• 1955 ~ ‘Tennessee’ Ernie Ford drove to the top spot on the record charts on this day. Sixteen Tons, where he owed his “soul to the company store…”, became the fastest-selling record in history, jumping to #1 in just 3 weeks. The tune, on Capitol Records, stayed at #1 for eight weeks.

• 1964 ~ Albert Hay Malotte, composer, died at the age of 69

• 1964 ~ Diana Krall, Canadian Jazz pianist and singer

 

 

• 1970 ~ Anne Murray received a gold record for Snowbird. She was the first Canadian recording artist to receive a gold record.

• 2000 ~ Russ Conway, a British pianist known as the “Prince Charming of Pop” who sold
More than 30 million records in the 1950s and ’60s, died at age 75. He had 17 consecutive hits in the late 1950s and early 1960s, and won a silver disc when his record Roulette topped 250,000 sales – a total rapidly equaled by three other hits, Sidesaddle, China Tea and Snow Coach. Conway’s formal piano education consisted of one lesson at age 4. He left school at 14 and got work in a lawyer’s office. But he was sent to juvenile detention for three years for taking money he found in a package. In a detention center, he found a piano to play. While doing a stint as a pianist in a club, he was discovered by choreographer Irving Davies. He went on to provide piano accompaniment to a string of singers. Soon he was composing the songs that made him famous and won him the nicknames “Prince Charming of Pop” and the “Sheik of the Keyboard.”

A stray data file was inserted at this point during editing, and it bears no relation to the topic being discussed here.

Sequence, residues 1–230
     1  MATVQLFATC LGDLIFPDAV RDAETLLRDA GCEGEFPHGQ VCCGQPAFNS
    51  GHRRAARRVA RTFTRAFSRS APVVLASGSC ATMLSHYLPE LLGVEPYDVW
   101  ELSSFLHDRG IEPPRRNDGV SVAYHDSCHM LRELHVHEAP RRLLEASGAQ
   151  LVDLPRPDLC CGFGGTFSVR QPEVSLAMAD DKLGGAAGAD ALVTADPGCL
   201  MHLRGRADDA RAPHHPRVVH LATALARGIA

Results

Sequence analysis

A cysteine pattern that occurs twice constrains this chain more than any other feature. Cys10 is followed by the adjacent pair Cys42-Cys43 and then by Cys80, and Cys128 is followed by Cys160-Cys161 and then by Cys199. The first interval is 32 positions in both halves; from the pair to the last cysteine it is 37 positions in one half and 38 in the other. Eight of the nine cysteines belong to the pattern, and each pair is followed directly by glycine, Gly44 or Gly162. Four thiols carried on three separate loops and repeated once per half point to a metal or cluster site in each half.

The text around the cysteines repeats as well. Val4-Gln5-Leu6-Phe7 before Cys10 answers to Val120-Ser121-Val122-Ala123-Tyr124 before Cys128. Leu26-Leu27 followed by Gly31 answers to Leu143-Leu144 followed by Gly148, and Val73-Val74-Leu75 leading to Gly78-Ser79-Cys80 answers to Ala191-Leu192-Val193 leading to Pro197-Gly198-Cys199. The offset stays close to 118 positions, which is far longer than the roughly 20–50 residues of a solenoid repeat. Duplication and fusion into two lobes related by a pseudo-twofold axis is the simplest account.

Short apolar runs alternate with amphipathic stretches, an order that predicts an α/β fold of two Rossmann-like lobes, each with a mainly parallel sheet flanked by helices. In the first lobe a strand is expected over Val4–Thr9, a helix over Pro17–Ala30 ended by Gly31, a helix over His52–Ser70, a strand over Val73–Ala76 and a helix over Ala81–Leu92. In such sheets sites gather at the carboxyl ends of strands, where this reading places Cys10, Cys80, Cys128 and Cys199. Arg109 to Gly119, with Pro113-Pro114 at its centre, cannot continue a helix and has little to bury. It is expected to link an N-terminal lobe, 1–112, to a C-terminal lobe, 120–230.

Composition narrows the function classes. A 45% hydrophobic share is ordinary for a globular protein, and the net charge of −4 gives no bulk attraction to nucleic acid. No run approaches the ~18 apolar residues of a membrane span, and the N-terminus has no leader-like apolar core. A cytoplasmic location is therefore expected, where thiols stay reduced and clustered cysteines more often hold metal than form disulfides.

• 2001 ~ Blue guitarist and singer Isaac Scott, a major figure in the city’s music scene for more than a quarter century, died of complications from diabetes. He was 56. A stream of musicians paid their respects to Scott, said his ex-wife, Eloise DePoe. He was found in his apartment Nov. 4 and never regained consciousness. Scott recorded several albums, including “The Isaac Scott Band,” “Big Time Blues Man” and “High Class Woman.” He also appeared on the compilation albums “Live at the San Francisco Jazz Festival” and “Live at the Roadhouse.” Primarily a “cover artist,” Scott did not write his own songs, which hindered national recognition. But he received several local honors, including the Washington Blues Society’s Hall of Fame (1991) and lifetime-achievement (2000) awards. He also performed at last year’s opening of the Experience Music Project. Scott taught himself piano and guitar, and started out playing gospel music, once touring the West Coast with the Five Blind Boys of Mississippi. In 1974, he turned his attention to blues, with a sound flavored by his love of Seattle-born guitar legend Jimi Hendrix. Like Albert Collins, an early influence, Scott played electric guitar with his thumb instead of a pick, which contributed to his distinctive sound. He also was known for his stamina, often playing two- and three-hour sets.